By day, hedge fund manager Pierre Andurand bets hundreds of millions of dollars on the price of oil and other commodities in a fiercely competitive trading market. By night, Andurand channels his aggressive streak into kickboxing and other martial arts.
Andurand's combative side was on display Wednesday night at "Fight for Education" in New York, which benefited charity Happy Hearts Fund. He beat Michael Tobin of commodities hedge fund firm Taylor Woods Capital Management in kickboxing via a technical knockout.
"I'm happy to support the charity—hopefully no one gets hurt!" Andurand told CNBC.com during cocktails before his match, while still wearing a suit.
The event raised nearly $1 million from nearly 400 attendees to build schools for children affected by natural disasters, according to organizers.
Financial professionals who fought at Wednesday's event included Tina Lindstrom, principal of Blueshift Capital Group (who won her bout); Keith Leung, an energy derivatives trader at INTL FCStone (who lost); JJ Stanton, head of the refined product options desk at GA Global Markets (a winner); and Brendan Byrne, an institutional salesman at Vertical Research Partners (he lost).
Andurand, who is French and now runs his $500 million Andurand Capital out of London, is the majority owner and chairman of GLORY, a professional kickboxing league. GLORY was an event sponsor. He also owns MMA and kickboxing gym Urban Kings in London, according to an online biography.
Other hedge fund managers and investors to support the event financially were Kathleen Kelley, Renee Haugerud, Jennifer Fan, Paul Touradji and Beau Taylor.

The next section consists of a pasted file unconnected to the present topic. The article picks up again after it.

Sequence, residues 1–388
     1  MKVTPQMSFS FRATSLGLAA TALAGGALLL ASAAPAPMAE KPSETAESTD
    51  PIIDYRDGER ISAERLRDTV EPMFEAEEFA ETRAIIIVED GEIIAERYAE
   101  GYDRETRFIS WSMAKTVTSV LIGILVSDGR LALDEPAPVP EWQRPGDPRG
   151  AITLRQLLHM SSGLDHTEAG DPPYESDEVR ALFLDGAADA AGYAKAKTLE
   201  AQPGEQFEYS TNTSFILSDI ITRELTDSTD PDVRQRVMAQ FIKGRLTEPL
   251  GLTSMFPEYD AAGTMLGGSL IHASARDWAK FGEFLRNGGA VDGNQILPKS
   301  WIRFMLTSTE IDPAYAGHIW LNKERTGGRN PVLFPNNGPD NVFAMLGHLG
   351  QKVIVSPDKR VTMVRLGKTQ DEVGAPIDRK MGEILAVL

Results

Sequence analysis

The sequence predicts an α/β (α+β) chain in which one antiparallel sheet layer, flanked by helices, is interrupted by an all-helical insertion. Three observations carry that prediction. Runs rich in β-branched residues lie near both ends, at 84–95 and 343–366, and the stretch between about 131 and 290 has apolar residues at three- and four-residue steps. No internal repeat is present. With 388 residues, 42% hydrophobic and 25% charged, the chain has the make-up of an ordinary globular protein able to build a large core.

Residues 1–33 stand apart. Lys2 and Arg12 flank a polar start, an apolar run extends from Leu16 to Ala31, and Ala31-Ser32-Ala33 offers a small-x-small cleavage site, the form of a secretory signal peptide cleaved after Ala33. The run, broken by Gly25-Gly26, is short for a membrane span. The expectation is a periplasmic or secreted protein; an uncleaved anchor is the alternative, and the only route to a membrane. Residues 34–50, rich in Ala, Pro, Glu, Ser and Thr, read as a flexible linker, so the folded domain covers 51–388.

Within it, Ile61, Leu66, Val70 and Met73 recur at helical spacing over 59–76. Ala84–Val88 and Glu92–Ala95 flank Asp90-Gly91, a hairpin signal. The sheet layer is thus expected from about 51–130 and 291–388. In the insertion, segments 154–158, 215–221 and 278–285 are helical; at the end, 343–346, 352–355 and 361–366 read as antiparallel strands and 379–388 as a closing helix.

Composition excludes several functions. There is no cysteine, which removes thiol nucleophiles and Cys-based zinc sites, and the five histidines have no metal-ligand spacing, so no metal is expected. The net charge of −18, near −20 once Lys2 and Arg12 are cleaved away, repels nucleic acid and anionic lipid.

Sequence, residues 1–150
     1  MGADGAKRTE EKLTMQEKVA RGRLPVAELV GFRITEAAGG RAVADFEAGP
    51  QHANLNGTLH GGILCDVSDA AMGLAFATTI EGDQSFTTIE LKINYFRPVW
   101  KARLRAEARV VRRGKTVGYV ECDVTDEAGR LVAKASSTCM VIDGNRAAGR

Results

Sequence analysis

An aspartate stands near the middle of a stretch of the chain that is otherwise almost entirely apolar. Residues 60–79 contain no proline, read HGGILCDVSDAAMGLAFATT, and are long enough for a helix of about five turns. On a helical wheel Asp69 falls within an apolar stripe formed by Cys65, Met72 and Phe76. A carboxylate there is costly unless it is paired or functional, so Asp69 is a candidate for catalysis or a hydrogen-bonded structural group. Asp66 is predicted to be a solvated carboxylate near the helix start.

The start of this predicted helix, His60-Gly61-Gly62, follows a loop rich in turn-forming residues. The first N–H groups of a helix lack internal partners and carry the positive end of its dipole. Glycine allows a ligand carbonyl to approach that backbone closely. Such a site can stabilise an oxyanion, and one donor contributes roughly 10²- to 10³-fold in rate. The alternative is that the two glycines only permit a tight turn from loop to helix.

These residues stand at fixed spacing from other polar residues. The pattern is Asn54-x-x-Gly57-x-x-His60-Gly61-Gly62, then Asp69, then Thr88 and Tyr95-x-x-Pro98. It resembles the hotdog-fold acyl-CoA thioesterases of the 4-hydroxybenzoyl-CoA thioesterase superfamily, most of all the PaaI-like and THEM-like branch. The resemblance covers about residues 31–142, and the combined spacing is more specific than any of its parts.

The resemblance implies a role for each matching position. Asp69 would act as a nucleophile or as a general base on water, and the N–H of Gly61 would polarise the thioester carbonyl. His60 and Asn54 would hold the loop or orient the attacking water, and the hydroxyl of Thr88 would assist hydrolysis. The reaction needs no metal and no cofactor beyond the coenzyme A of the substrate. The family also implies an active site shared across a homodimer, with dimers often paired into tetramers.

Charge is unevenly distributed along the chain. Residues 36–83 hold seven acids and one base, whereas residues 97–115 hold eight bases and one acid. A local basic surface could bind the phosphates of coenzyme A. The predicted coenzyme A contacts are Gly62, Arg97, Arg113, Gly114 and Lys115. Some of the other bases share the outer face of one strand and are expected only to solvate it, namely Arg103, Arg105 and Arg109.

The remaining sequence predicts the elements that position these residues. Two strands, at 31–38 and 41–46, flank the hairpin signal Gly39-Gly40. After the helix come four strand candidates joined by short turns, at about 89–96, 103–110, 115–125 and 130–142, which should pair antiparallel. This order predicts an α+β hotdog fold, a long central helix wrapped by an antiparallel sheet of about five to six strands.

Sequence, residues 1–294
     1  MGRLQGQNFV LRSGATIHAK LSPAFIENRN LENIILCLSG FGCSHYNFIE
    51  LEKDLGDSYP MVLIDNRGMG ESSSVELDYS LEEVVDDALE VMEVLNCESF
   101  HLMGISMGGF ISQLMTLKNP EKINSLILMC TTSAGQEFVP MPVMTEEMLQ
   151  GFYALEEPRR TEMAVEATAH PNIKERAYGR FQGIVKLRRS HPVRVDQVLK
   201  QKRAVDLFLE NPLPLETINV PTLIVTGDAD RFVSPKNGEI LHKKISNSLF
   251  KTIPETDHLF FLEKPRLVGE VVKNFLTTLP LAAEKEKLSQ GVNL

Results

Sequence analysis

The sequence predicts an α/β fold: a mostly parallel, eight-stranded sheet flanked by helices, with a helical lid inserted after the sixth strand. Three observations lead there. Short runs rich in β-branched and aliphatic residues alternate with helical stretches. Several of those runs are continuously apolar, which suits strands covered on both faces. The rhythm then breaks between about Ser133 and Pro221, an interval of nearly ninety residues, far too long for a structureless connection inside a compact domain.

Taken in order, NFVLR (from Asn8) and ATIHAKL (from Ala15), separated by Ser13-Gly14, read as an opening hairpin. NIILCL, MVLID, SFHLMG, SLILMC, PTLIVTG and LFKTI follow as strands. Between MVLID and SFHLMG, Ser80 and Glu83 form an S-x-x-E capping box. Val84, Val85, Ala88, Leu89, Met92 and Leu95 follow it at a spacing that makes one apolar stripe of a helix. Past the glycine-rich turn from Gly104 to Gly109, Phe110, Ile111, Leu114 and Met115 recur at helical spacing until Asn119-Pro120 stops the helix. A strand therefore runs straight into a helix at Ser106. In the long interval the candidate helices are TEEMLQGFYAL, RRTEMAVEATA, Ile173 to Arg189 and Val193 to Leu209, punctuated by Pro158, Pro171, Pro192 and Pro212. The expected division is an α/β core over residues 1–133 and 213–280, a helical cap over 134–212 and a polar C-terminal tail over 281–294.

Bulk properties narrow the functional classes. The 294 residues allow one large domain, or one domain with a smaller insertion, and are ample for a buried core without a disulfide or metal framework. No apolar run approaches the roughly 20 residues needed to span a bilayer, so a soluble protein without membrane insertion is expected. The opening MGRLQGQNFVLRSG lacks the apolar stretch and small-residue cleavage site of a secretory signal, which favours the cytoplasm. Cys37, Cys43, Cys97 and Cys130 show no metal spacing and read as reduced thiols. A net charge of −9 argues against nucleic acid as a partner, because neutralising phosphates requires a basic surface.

Happy Hearts Fund, founded by model and 2004 Indian Ocean tsunami survivor Petra Nemcova, was the subject of a New York Times story on May 29 that detailed a $500,000 donation to the Bill, Hillary & Chelsea Clinton Foundation as an apparent enticement for Bill Clinton to participate in another of the group's fundraising events.
The former executive director of Happy Hearts was quoted as criticizing her former group for giving away such a large amount of the relatively small group's money, even if to another charity, and for altering its goals to please Clinton.
A Happy Hearts representative declined to comment on the story. A spokesman previously told The Times that the group and the Clinton Foundation "have a shared goal of providing meaningful help to Haiti" and "we believe that we can create the most impactful change by working together."